Covariation Principle

The Covariation Principle describes how we attribute a person’s behavior to either internal causes (their disposition) or to external causes (the situation). According to this theory, we explain the cause of someone’s behavior based on a combination of three factors:

(1) do other people behave this way?
(2) does the person always behave this way under similar circumstances? and
(3) does the person ever behave this way in different situations?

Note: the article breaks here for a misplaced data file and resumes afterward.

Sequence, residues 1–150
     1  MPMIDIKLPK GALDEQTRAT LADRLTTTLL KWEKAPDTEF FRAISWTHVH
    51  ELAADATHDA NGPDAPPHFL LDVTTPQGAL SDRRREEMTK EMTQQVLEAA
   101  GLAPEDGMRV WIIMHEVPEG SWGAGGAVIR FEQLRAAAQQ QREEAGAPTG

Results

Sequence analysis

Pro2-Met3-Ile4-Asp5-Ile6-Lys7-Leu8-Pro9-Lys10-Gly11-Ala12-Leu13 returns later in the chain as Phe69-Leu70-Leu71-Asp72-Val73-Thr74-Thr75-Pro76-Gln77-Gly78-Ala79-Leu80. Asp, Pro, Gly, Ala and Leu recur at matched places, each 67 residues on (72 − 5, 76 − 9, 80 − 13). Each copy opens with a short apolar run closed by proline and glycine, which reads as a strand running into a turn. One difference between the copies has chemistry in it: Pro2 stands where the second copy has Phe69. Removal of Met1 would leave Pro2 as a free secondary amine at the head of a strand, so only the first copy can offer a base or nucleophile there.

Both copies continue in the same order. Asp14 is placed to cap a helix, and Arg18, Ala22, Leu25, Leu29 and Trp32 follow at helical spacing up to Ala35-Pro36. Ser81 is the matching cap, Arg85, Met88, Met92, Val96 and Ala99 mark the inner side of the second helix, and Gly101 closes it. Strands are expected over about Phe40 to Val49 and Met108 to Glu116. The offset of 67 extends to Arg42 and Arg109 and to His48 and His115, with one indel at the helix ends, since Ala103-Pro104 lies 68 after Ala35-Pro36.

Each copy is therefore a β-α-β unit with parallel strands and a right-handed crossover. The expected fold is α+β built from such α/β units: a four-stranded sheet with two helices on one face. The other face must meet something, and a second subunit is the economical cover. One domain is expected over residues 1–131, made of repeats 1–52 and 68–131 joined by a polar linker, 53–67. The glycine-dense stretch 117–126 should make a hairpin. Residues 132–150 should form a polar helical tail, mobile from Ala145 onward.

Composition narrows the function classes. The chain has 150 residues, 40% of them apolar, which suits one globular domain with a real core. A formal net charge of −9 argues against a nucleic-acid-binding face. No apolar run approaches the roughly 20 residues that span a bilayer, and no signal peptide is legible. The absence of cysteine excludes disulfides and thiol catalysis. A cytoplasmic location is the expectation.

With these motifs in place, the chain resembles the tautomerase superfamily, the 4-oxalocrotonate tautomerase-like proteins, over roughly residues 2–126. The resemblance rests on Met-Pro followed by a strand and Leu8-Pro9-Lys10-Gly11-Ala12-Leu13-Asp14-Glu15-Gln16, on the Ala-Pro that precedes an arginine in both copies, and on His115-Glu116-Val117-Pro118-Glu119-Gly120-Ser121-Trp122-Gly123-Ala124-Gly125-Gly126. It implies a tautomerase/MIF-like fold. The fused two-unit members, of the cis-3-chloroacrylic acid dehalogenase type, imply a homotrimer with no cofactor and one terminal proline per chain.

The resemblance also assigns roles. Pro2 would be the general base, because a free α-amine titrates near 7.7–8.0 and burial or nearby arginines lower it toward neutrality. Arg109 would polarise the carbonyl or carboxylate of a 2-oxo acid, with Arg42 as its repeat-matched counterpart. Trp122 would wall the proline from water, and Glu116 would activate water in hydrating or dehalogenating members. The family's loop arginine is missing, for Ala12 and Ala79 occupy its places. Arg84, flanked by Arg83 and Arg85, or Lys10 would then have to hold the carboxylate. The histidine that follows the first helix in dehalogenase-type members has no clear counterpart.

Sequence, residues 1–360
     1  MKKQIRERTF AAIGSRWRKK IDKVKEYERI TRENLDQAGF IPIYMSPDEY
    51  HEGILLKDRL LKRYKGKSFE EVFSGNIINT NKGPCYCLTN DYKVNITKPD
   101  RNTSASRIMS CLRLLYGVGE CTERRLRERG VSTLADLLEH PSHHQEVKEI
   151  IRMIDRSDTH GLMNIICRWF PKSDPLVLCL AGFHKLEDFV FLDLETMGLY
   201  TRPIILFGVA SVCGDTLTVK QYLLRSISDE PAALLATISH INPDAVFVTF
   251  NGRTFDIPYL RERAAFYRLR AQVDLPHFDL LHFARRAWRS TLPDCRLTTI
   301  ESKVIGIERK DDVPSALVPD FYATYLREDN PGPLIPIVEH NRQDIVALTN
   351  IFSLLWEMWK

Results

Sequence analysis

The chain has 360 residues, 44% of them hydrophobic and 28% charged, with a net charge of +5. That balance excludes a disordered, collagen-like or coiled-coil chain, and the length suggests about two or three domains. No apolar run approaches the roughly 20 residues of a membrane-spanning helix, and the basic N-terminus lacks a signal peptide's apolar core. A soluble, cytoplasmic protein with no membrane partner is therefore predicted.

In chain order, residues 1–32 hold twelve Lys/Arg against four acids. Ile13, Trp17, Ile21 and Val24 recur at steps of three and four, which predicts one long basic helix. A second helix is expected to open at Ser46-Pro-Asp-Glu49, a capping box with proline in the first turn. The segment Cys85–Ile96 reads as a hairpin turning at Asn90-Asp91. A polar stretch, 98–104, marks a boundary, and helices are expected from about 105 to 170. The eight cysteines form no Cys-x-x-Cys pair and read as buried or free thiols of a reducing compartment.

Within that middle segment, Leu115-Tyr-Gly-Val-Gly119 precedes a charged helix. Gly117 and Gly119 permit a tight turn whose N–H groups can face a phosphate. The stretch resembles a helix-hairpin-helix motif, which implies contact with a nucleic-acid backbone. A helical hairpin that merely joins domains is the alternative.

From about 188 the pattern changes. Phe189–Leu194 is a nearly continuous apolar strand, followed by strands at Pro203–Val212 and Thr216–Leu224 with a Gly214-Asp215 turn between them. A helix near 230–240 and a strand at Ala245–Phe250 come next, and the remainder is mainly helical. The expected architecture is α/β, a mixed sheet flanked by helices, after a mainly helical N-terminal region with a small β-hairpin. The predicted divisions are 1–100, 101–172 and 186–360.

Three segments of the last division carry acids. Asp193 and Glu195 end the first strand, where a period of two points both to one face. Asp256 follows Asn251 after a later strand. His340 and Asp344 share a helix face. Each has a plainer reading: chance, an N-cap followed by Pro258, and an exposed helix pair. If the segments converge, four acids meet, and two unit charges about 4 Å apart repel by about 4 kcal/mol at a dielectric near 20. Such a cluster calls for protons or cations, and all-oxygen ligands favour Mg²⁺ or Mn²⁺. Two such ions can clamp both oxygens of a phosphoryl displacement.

Let’s say we have a friend who is failing a class. If she usually struggles in school with most subjects and has a hard time in classes that are easy for others, we will probably conclude that she is a poor student. But if she is failing a class that many others are failing as well, and she is doing well in her other courses, we will conclude that she is a good student and there is something wrong with this particular class (perhaps she has a bad instructor).

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